• TMD Supporter

    When Lodestone Golem was restricted I started to notice that Gush decks mostly went from two main deck Islands and a sideboard Mountain(or other basic for their secondary, anti-artifact color) down to just one main deck Island. I also saw more four color decks, and almost zero two-colored decks.

    My point is that every time something was done to nerf workshops a little bit it really felt to me (and if data proves me wrong so be it) that people stopped talking their shops MU as seriously. Then when they'd lose to workshops the cry to restrict more of their cards would start up again.

    Now this can't be the only reason that Workshops continuously do well, but I DO think that the rise and fall of these decks hinges upon more data than we're able to collect. Obviously larger sample sizes does help, but I still think it's important to take everything with a grain of salt.

    I am on "pro" side of the Gush restriction even though it also bothers me at the same time. It's a personal favorite of mine to play and I've loved the card since it was printed. Unfortunately every time I'd build a non Gush deck I felt at a distinct disadvantage to every Gush deck I faced.



  • @Islandswamp Completely agree. There was a time when multiple basics, and multiple anti-shops cards were basically a requirement of any main deck on top of a fairly large portion of your sideboard devoted to the deck.

    A lot of decks aren't doing that now. We are back to the old days of "lets just run 1 Hurkyl's that I can scroll for, and 1 basic island". It took years for people to finally start playing main deck Grudge's and sideboard Chewers. It seems everyone has forgotten what works against Shops.



  • I'm going to take the conversation in a slightly different direction. My theory is that no one restriction (or even two or three) is going to change the meta or the amount of tier 1 or 1.5 decks available. We are at a point where we have 3 choices: trim the restricted list or increase its size substantially or change the way we do deckbuilding (IE: more than 75 cards) That is the only way we are going to see any measurable difference on what kinds of decks are played.

    The reason for this is our card pool. The card pool has done nothing but grow over the years. As of Dec 2016 there were just over 16500 distinct MtG cards. We get 75 slots to fill a deck. Figure on average 25 mana sources that leaves 50 slots for spells. Depending on the deck we have a handful of spells that are taking 2-4 copes in slots (this is a little sloppy now) that leaves probably 30 or so unique spells in any given deck. If we are to build the best deck possible with 30 spells out of a card pool of 16500 cards, you are going to consistently see the same spells over and over again.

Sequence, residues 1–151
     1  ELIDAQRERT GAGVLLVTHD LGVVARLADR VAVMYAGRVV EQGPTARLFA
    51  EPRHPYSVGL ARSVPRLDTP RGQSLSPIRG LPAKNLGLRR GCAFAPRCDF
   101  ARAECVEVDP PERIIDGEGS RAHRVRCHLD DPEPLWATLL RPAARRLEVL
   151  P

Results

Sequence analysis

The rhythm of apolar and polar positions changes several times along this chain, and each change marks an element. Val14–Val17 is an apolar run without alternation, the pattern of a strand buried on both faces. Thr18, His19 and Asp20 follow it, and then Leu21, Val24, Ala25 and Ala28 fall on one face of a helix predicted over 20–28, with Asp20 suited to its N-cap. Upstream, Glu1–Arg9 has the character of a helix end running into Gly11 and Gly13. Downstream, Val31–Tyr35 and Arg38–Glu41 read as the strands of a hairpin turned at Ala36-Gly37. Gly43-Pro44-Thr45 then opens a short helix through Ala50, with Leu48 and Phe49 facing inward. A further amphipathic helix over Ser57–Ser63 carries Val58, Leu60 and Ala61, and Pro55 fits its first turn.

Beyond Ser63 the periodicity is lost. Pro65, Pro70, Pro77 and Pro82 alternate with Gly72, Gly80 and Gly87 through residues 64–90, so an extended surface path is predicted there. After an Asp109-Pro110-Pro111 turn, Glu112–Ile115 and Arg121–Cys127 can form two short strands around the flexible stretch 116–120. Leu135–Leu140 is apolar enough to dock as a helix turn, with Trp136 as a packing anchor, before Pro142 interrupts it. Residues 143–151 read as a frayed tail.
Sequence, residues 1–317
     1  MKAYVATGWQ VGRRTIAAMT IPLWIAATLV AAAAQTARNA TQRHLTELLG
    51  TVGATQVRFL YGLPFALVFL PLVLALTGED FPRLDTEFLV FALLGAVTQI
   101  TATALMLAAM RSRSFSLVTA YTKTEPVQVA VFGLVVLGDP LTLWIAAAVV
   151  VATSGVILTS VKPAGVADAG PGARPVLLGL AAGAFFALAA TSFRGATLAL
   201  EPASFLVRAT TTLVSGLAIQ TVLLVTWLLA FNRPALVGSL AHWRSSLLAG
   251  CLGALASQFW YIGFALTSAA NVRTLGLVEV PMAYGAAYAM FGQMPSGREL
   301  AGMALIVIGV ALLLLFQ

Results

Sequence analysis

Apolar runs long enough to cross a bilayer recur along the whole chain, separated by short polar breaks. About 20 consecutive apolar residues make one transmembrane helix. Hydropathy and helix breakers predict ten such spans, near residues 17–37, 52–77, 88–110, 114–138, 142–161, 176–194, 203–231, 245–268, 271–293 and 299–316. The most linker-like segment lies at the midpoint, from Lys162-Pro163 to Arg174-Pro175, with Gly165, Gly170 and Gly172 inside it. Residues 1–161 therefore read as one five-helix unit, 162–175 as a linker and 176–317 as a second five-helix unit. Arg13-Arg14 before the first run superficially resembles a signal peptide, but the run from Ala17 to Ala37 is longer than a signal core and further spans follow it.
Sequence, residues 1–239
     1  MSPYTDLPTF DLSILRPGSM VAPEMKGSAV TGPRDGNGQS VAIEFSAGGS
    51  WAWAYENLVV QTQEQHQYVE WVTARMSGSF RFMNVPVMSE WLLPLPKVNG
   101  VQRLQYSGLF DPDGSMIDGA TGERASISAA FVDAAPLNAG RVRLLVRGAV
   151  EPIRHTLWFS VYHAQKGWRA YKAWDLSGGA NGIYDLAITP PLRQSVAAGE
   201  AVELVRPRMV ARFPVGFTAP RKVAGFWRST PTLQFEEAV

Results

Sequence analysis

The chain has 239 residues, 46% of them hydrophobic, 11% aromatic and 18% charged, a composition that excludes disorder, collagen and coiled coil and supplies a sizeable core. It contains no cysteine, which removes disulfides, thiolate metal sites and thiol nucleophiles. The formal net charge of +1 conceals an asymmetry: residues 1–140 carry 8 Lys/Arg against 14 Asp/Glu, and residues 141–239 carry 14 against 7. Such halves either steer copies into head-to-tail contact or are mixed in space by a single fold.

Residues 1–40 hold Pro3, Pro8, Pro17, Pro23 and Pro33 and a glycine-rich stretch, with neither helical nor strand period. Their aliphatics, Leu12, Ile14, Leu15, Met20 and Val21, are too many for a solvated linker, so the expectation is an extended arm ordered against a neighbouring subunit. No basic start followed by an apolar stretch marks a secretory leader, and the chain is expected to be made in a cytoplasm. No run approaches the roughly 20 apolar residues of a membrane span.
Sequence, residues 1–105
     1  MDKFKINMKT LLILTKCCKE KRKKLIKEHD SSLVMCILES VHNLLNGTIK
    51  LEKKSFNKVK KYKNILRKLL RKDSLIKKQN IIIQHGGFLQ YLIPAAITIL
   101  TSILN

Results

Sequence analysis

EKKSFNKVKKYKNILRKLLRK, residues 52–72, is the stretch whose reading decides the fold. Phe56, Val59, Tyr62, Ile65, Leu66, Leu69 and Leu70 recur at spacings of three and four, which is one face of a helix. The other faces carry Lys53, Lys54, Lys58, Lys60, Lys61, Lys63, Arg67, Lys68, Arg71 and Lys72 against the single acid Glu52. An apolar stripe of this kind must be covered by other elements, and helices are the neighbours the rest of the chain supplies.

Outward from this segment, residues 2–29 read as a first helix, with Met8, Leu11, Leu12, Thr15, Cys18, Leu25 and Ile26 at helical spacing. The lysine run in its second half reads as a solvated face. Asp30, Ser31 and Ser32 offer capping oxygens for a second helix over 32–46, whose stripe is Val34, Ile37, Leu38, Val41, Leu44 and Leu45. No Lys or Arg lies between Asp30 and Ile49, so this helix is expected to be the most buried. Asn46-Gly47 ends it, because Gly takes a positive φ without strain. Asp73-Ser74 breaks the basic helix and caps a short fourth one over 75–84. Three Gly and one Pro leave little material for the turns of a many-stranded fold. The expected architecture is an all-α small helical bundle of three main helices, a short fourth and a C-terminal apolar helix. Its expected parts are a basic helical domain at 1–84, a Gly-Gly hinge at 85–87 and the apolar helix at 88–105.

I think we're at a point where consistency in strategies is near absolute. Shops has 4 different spells with sphere effects, waste, strip, ghost quarter and a plethora of artifact creatures that can attack on different axis.

    Mentor has so many cantrips that are 0-1 mana that even restricting 1 didn't really impact the game plan. You take away mentor and we have managorger hydra or young pyromancer to replace it. Draw spells? Mentor is a blue shell - it has efficient draw spells out the wazoo.

    Even BUG and human decks have a solid consistency to them. Standstill? Get man lands into play (even restricting mishras factor would leave many choices) and just disrupt your opponents game plan completely - has redundancy. Daze and mana leak aren't even considered playable anymore yet a decade ago it popped up in multiple lists.

    Oath of druids - look at the diversity in oath builds. From the old meandeck shell to salvagers oath to saheeli.

    I said we have 3 options. 1 of them isn't truly an option. We aren't going to start suddenly building 100 or even 80 card decks and the DCI isn't going to change its rules just for us. So this leaves us with 2 realistic options:

    1. Revisit the restricted list and figure out what can come off of it. This would add an influx of new cards that could add new decks to the field. Or it could do nothing

    2. Determine what kind of a metagame you want. And by that I dont mean, "I want a mentor/shops meta." I mean, "I want a meta with at least 5 top tier decks, 5 1.5 tier decks and room for any random number of rogue decks to compete." Then you wield the restricted list like Paul Bunyan's axe in a forest, chopping down cards until you achieve that goal. And you may never achieve that goal.

    To me, Vintage is the format where I can play nearly any legal card printed. Option 2, for me, is an affront to the format. If you want to do that then you are probably more in tuned with Legacy.



  • I agree that the draw engine which Monastery Mentor based Gush decks used prior to the restriction of Gush is probably what squeezed other draw engines out of the format. I just don't see why this is a problem.